• Identify critical data and processes, and how to protect them
  • Search for potential points of infrastructure-level compromise
  • Set up communication with the SOC

Once the work has begun, the SM stays by the client’s side 24/7, monitoring the implementation processes and alerting the SOC to any anomalies.

Service managers also are important for their reporting. SMs draft reports for senior management and IS team leaders, breaking down the SOC’s activity in a language and format they can understand.

Ideally, a SOC team should have multiple SMs who each dedicate their time to a small group of customers (or one big customer). Every company, even those within the same industry, has its own processes and security approaches. Without understanding the nuances, your MDR capabilities can end up being less effective.

Bottom line: An SM looks at many factors, including type of business, network equipment, information security policies, and subcontractors, and develops individualized approaches. Having a manager who understands your business not only improves a SOC’s ability to provide better service but shows each customer that they matter.

Consolidate your stack with help of XDR technology

Every year, MDR providers face new challenges and search for ways to overcome them while increasing profitability and growing their businesses. The desire for a single, simplified end-to-end SOC platform among MDRs had been rising steadily until 2020, when the demand spiked due to the global pandemic and subsequent mass migration to remote work.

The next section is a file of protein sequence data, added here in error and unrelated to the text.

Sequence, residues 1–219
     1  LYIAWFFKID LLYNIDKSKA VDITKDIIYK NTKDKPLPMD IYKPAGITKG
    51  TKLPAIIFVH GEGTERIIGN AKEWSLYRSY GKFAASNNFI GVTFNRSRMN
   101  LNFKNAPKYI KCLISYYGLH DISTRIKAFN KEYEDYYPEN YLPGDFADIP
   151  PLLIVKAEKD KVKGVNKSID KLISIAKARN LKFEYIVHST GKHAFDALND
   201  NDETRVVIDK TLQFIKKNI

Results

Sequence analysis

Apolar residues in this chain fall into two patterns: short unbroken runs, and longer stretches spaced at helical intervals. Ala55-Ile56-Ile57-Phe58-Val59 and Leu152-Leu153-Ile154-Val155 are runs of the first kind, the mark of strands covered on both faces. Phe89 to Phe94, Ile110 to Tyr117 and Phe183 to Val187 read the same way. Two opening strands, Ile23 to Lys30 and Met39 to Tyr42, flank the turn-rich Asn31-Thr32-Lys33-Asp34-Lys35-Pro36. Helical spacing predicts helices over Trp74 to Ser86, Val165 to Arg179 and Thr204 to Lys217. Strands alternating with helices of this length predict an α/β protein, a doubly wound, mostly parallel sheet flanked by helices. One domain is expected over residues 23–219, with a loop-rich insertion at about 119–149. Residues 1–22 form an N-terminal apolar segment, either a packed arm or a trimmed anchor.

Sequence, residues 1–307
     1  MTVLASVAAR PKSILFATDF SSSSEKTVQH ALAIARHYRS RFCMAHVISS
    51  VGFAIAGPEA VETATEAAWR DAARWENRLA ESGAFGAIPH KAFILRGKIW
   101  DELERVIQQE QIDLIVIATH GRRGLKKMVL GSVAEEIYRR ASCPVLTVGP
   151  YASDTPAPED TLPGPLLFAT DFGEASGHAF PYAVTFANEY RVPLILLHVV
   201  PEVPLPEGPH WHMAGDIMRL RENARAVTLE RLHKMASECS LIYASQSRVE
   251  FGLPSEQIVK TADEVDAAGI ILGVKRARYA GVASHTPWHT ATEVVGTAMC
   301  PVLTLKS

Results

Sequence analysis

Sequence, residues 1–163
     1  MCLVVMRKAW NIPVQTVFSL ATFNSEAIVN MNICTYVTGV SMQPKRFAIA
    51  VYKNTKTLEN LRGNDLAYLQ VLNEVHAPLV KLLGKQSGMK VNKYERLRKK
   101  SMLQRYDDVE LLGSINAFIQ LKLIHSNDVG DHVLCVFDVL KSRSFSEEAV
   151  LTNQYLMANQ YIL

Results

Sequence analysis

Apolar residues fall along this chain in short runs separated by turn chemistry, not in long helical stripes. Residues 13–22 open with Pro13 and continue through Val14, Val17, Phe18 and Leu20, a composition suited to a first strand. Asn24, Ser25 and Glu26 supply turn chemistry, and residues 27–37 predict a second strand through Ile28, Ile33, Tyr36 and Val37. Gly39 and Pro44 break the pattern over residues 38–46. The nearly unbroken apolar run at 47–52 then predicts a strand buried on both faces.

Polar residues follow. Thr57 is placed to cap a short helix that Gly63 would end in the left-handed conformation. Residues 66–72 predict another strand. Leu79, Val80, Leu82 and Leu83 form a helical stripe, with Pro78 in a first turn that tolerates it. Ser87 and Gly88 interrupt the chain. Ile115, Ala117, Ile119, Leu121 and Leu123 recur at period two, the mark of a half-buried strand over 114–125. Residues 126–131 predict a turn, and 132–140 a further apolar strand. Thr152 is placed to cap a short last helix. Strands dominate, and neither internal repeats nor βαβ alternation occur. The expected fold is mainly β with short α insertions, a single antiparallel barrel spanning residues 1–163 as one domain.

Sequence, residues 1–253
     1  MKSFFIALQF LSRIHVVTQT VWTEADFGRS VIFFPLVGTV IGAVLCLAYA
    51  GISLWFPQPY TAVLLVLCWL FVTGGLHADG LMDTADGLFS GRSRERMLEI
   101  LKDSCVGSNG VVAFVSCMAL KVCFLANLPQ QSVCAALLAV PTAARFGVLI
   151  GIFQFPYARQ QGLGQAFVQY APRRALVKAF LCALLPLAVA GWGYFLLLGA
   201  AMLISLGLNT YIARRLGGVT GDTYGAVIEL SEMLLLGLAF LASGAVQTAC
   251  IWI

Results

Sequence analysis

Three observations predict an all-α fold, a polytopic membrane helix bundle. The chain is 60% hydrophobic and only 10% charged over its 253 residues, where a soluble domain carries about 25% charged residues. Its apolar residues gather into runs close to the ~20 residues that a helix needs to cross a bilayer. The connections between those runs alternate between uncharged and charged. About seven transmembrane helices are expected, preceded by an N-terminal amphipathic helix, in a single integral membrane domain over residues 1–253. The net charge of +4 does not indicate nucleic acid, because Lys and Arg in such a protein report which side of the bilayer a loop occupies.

One of the most powerful ways MDRs can expand profitability and business growth is to use XDR technology to simplify SecOps, analyst training, and solution administration.

Having XDR at the core of your MDR offering will help you correlate attack telemetry across the network and endpoints via automated root-cause analysis that turns into a single incident alert that higher tier analysts can then inspect. The goal is a faster detection and response cycle that prevents burnout, lowers the barrier to threat hunting, and reduces attacker dwell time and SOC analysts’ alert fatigue.

Modern attacks are complex and multi-staged, and traditional SOC tools such EDR and SIEM are limited in their prevention capabilities. EDR solutions lack the necessary telemetry that security teams need to stop sophisticated threats that focus on the attack surface beyond the endpoint. And while traditional SIEMs may be flexible and customizable, they are difficult to operationalize and tune due to the number of variables and available features. Moreover, deploying a traditional SIEM solution over the course of months or longer to keep tuning and adding new rules is no longer a viable option.

XDR extends visibility and detection capabilities across the larger enterprise IT environment and streamlines correlation, threat hunting, and response more holistically. It also breaks down data silos and unifies incident context for faster, more effective threat detection and response.

Bottom line: XDR can be an extremely effective technology that enables MSSPs to end malicious operations by extending detection and response capabilities across the entire enterprise environment. And for MDRs, this means a reduction in costs to support its SOC stack and, therefore, better service margin. Moreover, it is becoming increasingly vital to work with technology partners that can help you not only maintain and grow your client base but also contribute to cost-saving and higher margins.